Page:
Avian flu outbreaks reported on four continents

first_imgWhat appears to be the first detection of avian flu subtype H5N8 in Taiwan leads a long list of avian flu outbreaks reported in Asia, Europe, North America, and Africa in the past few days.The incidents involved three avian flu subtypes and affected birds in Japan, China, Nigeria, Canada, and Germany. Media reports said Taiwan authorities reported finding not only an H5N8 outbreak but also a new strain of H5N2 virus, but they gave few details.Taiwan outbreaksIn a report to the World Organization for Animal Health (OIE) yesterday, Taiwan authorities said H5N8 killed 3,683 of 5,200 breeding geese in Chiayi County. Officials said plans call for culling the rest of the geese and putting farms within 3 kilometers of the outbreak under intensified surveillance for 3 months.The OIE report did not make clear whether this was the first H5N8 outbreak in Taiwan, but Taiwan officials quoted in stories from Taiwan’s Central News Agency (CNA) and the Chinese news agency Xinhua said it was.Taiwan’s Bureau of Animal and Plant Health Inspection and Quarantine (BAPHIQ) said the virus was similar to the H5N8 that caused widespread outbreaks in South Korea in 2014, according to a Jan 11 CNA story. H5N8 viruses have also sparked outbreaks in Germany, the United Kingdom, the Netherlands, Italy, and Japan in the past few months.The BAPHIQ also said a new strain of H5N2 struck four goose farms in Yunlin County, where 6,000 geese were being culled, according to CNA.The bureau said the conclusion that both viruses were new to Taiwan was based on lab tests of tissue samples collected from 23 goose farms and one duck egg farm, the story said.The story also said H5N2 was confirmed on a duck egg farm in Pingtung County, triggering plans to cull 7,000 ducks there. Two days earlier, on Jan 9, CNA had reported an H5N2 outbreak on a large commercial chicken farm in the same county, forcing the culling of 120,000 chickens.Meanwhile in Japan, an H5N8 virus was found in a wild hooded crane in Kagoshima prefecture, authorities told the OIE in a Jan 9 report. It said sequencing of the virus’s hemagglutinin (the H5 region) suggested it was a highly pathogenic strain.The report also noted that some Japanese farms that were involved in H5N8 outbreaks last fall are now free of the virus.Also on the H5N8 front, German authorities confirmed earlier media reports of infected storks at the Rostock Zoo in Mecklenburg-Western Pomerania, a northeastern state. In a Jan 9 report to the OIE, officials said three white storks died of H5N8 infections. It said 39 of the zoo’s 496 birds, including the storks, were destroyed to stop the virus.Outbreaks in China, Nigeria, CanadaIn still another Jan 9 OIE report, Chinese officials said an H5N1 outbreak killed 2,371 poultry in a flock of 20,483, forcing the destruction of the rest of the birds. It didn’t say what kind of birds they were. The source of the virus was unknown.In Nigeria, a backyard poultry flock in the north-central province of Kano was hit by an H5 virus, according to another OIE report filed Jan 9. It said 1,370 birds died, and the remaining 198 were killed to control the outbreak. The report didn’t list the full subtype of the virus.In Canada, British Columbian officials reported an H5N2 outbreak in a small flock of mixed poultry at Langley, near where several commercial poultry farms were hit by the virus late in 2014.There were 12 cases, including 3 deaths, in an 85-bird hobby flock that included breeder ducks, geese, chickens, and turkeys, officials told the OIE in a Jan 8 report. The surviving birds were culled.The report also noted that depopulation of the commercial poultry farms affected by the recent outbreaks was completed Dec 20 and that cleaning and disinfection was under way.See also: Jan 11 Taiwan report to OIEJan 11 CNA story on Taiwan outbreaksJan 9 OIE report on H5N8 in JapanJan 9 OIE report on H5N8 in GermanyJan 9 OIE report on H5N1 in ChinaJan 9 OIE report on H5 outbreak in NigeriaJan 8 OIE report on H5N2 in British Columbialast_img read more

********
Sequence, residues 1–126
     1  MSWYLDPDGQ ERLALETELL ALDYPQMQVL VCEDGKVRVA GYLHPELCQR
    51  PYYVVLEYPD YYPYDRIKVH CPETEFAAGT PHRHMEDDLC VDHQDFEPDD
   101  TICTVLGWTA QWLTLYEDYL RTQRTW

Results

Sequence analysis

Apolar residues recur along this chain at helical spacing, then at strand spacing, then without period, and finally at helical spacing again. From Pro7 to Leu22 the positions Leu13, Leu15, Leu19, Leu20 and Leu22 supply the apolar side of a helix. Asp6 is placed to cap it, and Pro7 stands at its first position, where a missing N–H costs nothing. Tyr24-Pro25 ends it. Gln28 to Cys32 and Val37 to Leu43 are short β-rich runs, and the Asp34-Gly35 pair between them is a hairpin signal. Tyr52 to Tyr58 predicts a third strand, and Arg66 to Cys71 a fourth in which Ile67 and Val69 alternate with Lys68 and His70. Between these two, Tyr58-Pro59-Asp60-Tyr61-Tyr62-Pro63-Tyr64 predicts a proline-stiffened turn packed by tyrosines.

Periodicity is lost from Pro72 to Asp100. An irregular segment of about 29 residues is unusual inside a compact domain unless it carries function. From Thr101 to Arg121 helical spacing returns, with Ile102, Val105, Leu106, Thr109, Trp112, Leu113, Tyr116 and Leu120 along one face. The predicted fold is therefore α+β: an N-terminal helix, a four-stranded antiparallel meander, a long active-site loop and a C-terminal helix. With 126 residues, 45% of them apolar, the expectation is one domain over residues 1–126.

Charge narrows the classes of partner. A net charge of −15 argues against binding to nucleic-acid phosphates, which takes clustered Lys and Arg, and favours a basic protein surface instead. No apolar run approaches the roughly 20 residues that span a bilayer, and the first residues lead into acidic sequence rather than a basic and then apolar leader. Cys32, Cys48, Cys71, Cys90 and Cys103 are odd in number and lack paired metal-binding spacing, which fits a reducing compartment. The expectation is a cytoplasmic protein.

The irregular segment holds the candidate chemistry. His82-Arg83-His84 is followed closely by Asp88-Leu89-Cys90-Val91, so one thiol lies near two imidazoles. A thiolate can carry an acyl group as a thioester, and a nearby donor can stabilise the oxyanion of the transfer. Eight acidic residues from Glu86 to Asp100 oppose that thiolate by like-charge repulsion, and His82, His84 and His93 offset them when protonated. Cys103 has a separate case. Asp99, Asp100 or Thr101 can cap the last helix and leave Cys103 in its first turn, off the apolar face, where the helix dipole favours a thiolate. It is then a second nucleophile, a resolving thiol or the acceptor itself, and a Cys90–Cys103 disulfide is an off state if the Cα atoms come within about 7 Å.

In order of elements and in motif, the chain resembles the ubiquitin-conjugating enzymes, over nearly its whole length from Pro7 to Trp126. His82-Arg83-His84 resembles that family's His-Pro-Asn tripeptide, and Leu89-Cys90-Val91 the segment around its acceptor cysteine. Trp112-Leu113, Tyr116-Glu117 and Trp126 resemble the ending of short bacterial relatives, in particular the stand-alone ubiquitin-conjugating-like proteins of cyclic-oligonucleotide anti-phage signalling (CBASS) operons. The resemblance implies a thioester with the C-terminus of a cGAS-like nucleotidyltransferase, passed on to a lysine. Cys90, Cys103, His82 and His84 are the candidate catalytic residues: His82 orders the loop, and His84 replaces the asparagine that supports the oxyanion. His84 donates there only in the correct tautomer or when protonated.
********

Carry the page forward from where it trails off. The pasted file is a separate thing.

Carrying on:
Parker signs agreement and adds industry-leading hydrogen sensing systems to offering

first_imgGet instant access to must-read content today!To access hundreds of features, subscribe today! At a time when the world is forced to go digital more than ever before just to stay connected, discover the in-depth content our subscribers receive every month by subscribing to gasworld.Don’t just stay connected, stay at the forefront – join gasworld and become a subscriber to access all of our must-read content online from just $270. Subscribelast_img

Strong demand for new crane

first_imgThe 750-tonne mobile crane has experienced widespread demand with the most number of orders coming from Germany, the largest single market for its all-terrain cranes. Liebherr has seen strong demand for the crane in the Netherlands; the first LTM 1750-9.1 machines were supplied to Mammoet and Schot during January. Crane contractors Boekestijn and Barneveldse Kraanverhuur will take receipt of their new LTM 1750-9.1 cranes during the coming weeks. Van der Tol expects to receive one of the machines before the end of 2013.   www.liebherr.com www.vandertolbv.nlwww.boekestijntransport.nl www.barneveldsekraanverhuur.nl www.schot-alkmaar.nllast_img read more

LPC students struggle to get training deals